TABLE I Specification The amount of oil used in relation to the water to prepare the emulsion may be varied over wide ranges. As a general rule, the amount of oil-to-water may vary between :1 to 1:10 with preferable emulsions being prepared in the ratio of 1:2 to 1:10. These ratios are illustrative of emulsions that can be prepared, although it should be understood that the invention is not limited thereby.

The emulsions may be prepared by any number of techniques. For example, the emulsions may be prepared by using high speed agitation or ultrasonic techniques. In most instances, however, it is desirable that the emulsion be a stable emulsion and to achieve this end it is often necessary to employ an oil-soluble emulsifying agent. The amount of emulsifying agent to provide an emulsion will have to be determined by routine experimentation. As a general rule it may be said that the amount of oil-soluble emulsifier may range from 0.1 to 30 percent by weight based on the weight of the oil. To produce stable emulsions the amount of emulsifier will normally be within the range of 12 to 20 by weight of the oil.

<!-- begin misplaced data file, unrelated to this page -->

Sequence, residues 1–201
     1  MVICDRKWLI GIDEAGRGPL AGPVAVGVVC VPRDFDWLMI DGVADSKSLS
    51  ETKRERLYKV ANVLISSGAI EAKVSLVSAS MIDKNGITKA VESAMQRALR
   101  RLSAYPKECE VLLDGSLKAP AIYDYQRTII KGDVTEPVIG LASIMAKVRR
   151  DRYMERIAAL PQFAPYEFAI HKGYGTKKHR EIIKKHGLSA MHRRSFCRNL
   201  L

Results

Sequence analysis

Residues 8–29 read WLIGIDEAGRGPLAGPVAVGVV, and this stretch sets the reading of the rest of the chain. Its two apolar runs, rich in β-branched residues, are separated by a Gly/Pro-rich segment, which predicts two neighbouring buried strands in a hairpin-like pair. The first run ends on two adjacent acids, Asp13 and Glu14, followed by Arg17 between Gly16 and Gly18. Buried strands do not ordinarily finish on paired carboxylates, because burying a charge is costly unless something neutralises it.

Rather than provide a listing of suitable emulsifiers, it is preferred to generally recommend as being satisfactory the so-called low HLB materials which are well documented in the literature and are summarized in the Atlas HLB Surfactant Selector. Although these emulsifiers are useful in producing good water-in-oil emulsions, other surfactants may be used as long as they are capable of producing these emulsions. For instance, it has been found that certain high HLB surfactants are capable of producing stable water-in-oil emulsions. A typical low HLB emulsifier is sorbitan monooleate.